Another dimension of remembering our stories is the connecting of our stories with God’s story in scripture. Scripture records experiences of God’s presence. We must keep in mind that the stories of the biblical tradition and our personal stories are not all that different. The Bible is a collection of stories about ordinary people in ordinary places doing ordinary things, when the Extraordinary happens to them. When we take our stories seriously enough to explore and share them, they can become places of divine revelation. If spirituality means “living in the Spirit,” then remembering our stories leads to spiritual formation.
—Richard L. Morgan, Remembering Your Story: Creating Your Own Spiritual Autobiography (Upper Room Books, 2002)
Where have you noticed the Extraordinary in the midst of the ordinary? Join the conversation.
Elijah was a human being like us, and he prayed fervently that it might not rain, and for three years and six months it did not rain on the earth.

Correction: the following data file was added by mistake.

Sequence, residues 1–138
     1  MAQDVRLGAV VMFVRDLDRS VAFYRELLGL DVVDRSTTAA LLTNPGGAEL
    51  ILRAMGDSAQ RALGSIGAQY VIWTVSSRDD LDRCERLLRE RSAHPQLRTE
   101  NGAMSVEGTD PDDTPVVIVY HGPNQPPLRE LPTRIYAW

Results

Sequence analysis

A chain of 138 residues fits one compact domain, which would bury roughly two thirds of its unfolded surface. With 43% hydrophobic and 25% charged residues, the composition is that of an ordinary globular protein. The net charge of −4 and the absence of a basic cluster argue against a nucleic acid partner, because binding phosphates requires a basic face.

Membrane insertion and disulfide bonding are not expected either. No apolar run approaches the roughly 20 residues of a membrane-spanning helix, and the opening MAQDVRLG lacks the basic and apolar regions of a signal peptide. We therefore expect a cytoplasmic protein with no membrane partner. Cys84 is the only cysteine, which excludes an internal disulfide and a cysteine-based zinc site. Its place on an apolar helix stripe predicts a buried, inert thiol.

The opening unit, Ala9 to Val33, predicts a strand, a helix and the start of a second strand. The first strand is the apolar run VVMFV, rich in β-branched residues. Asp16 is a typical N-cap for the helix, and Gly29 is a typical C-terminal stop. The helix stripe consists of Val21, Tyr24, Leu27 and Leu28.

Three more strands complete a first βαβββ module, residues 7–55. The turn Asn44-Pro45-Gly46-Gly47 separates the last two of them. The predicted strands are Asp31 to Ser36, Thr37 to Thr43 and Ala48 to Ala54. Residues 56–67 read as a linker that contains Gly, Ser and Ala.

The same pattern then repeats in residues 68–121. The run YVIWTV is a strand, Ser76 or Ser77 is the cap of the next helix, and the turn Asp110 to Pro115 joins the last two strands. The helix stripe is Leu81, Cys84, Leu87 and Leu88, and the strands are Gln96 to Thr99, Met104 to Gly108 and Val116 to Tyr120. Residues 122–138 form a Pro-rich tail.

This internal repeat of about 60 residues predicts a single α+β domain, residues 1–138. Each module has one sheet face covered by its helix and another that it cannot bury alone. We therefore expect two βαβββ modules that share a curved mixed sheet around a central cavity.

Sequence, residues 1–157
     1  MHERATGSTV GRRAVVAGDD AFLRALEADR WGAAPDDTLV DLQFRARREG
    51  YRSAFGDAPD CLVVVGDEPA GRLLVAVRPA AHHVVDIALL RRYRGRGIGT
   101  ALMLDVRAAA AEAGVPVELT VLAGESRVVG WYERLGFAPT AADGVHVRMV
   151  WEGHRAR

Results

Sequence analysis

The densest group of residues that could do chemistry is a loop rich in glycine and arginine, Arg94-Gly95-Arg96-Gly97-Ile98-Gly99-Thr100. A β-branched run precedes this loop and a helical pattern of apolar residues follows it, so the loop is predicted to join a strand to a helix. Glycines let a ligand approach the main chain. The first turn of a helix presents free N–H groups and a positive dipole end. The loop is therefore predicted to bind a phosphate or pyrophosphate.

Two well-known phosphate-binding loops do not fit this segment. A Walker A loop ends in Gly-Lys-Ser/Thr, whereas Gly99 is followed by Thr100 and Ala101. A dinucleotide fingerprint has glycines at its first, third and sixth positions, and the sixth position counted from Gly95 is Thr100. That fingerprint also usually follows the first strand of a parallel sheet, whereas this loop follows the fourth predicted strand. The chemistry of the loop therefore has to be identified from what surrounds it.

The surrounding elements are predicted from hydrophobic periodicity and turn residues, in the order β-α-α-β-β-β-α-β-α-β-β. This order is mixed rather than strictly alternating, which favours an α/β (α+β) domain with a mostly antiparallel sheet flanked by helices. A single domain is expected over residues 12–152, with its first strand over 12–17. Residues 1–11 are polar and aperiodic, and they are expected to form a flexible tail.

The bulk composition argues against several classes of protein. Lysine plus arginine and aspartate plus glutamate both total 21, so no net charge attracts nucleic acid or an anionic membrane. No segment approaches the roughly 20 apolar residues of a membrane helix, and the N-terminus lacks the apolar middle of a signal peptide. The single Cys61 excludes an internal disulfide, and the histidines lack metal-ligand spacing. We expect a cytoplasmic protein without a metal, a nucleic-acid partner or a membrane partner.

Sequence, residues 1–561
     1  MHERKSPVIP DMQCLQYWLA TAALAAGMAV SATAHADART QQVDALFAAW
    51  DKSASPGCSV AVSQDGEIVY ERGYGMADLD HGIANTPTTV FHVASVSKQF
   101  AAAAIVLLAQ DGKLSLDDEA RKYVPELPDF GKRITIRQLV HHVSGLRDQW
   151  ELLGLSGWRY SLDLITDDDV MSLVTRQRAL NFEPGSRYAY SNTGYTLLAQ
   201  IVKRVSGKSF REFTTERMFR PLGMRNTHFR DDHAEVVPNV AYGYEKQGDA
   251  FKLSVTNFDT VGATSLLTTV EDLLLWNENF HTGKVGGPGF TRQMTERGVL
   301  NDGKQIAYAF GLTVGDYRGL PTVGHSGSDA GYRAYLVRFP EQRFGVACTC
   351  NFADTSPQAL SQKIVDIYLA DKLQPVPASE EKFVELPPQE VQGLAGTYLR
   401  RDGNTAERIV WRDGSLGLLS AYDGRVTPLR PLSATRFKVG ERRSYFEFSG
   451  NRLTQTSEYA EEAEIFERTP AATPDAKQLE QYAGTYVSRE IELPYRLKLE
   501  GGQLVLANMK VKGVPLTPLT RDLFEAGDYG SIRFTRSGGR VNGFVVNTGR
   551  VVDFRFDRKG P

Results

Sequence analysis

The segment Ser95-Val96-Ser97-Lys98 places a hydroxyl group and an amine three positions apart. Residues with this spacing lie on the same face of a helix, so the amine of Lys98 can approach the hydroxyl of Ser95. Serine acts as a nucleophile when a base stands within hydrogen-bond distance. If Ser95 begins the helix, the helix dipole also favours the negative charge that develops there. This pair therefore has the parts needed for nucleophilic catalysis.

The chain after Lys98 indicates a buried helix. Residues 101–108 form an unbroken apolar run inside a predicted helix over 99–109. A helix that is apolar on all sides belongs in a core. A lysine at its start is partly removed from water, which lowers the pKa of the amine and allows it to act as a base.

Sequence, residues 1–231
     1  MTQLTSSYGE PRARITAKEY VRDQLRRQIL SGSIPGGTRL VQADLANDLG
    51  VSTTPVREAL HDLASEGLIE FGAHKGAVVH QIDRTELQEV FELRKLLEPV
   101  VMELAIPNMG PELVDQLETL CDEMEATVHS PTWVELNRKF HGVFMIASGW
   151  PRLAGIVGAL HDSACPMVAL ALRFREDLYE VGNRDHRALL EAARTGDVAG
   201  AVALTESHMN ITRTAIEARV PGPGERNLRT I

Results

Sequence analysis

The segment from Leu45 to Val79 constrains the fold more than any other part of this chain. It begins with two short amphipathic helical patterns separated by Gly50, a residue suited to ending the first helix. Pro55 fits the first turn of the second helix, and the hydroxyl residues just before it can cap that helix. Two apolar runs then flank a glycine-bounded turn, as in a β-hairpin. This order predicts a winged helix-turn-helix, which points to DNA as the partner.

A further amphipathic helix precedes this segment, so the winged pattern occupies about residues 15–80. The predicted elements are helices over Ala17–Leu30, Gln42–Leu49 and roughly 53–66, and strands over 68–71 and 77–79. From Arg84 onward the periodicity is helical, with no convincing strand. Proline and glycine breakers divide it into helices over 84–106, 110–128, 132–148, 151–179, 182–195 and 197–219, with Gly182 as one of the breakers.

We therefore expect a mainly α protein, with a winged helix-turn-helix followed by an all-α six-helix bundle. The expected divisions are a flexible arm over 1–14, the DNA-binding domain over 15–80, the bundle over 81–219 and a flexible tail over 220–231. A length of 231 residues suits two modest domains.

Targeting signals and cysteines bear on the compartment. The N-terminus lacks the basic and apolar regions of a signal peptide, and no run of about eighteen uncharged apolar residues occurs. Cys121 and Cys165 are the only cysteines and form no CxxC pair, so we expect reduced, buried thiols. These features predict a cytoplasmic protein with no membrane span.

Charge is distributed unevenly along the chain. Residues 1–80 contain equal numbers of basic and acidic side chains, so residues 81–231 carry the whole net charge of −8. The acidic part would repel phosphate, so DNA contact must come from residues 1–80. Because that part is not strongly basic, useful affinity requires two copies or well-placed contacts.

—James 5:17 (NRSV)
Prayer for the Week
I love to tell the story of unseen things above,
of Jesus and his glory, of Jesus and his love;
I love to tell the story, because I know ’tis true;
it satisfies my longings as nothing else would do.
(Source: Hymn by Katherine Hankey, 1868)
Submit your prayer to The Upper Room.
The Academy Podcast shares rich content for the purpose of spiritual growth, engaging with leaders and friends in conversations that encompass the intersections of art, creativity, spirituality, parenting, antiracism, prayer, protest, and more. Listen deep. Listen wide. Listen here.
(Courtesy of Vanderbilt Divinity Library)
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